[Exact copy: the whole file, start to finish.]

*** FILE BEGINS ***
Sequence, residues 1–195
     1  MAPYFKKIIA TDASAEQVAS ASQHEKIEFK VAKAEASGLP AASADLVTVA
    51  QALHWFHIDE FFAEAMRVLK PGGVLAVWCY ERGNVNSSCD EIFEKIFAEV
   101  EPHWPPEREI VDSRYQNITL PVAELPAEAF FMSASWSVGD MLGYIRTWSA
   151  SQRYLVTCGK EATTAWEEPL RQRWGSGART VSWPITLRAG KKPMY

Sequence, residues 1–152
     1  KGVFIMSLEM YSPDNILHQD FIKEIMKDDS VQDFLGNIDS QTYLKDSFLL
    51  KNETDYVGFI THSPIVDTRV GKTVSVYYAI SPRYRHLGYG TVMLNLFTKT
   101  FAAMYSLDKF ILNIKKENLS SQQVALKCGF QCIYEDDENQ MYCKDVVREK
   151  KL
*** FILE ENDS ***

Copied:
Sequence, residues 1–195
     1  MAPYFKKIIA TDASAEQVAS ASQHEKIEFK VAKAEASGLP AASADLVTVA
    51  QALHWFHIDE FFAEAMRVLK PGGVLAVWCY ERGNVNSSCD EIFEKIFAEV
   101  EPHWPPEREI VDSRYQNITL PVAELPAEAF FMSASWSVGD MLGYIRTWSA
   151  SQRYLVTCGK EATTAWEEPL RQRWGSGART VSWPITLRAG KKPMY

Sequence, residues 1–152
     1  KGVFIMSLEM YSPDNILHQD FIKEIMKDDS VQDFLGNIDS QTYLKDSFLL
    51  KNETDYVGFI THSPIVDTRV GKTVSVYYAI SPRYRHLGYG TVMLNLFTKT
   101  FAAMYSLDKF ILNIKKENLS SQQVALKCGF QCIYEDDENQ MYCKDVVREK
   151  KL